There is a lag of time between when a new technology exists and when it becomes commercially applied. In 1997, Wal-Mart was approached to implement an automatic-cart collector system that relied on magnets to automatically sort shopping carts and reload them into the store. Wal-Mart executives declined, as the technology was rudimentary and would be subject to significant maintenance overhauls with no guarantees that the operating system wouldn’t have to be regularly overhauled.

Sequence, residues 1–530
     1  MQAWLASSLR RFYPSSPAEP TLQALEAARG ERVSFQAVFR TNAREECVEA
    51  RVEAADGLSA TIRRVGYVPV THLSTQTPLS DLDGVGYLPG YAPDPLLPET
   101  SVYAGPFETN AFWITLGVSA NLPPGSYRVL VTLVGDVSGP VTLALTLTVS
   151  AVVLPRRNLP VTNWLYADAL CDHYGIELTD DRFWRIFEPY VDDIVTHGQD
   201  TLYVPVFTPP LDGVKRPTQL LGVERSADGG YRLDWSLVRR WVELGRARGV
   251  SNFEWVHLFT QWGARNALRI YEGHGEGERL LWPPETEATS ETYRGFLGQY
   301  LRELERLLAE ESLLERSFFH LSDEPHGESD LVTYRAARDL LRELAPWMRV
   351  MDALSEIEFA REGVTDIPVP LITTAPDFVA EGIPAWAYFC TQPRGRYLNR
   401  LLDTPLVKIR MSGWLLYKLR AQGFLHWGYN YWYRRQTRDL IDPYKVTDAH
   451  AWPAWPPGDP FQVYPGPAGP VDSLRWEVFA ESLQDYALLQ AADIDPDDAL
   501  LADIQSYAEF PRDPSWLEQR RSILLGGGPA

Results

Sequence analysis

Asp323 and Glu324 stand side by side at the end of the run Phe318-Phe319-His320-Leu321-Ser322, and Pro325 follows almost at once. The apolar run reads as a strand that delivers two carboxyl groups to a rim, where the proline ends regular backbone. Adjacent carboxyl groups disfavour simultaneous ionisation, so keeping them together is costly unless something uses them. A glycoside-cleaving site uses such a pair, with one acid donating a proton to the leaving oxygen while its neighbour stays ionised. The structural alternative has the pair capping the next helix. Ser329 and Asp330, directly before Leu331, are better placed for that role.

When a business contemplates adding a new technology, it must address whether the need is permanent (i.e. why invest in a technology system if the problem wouldn’t exist three months from now?). And if the need is permanent, there needs to be some assurance that the new technology will address the problem on an ongoing basis.
The answer to the first question is the easy part of the analysis. Most technologies for sale are directed at problems … Read the rest of this article!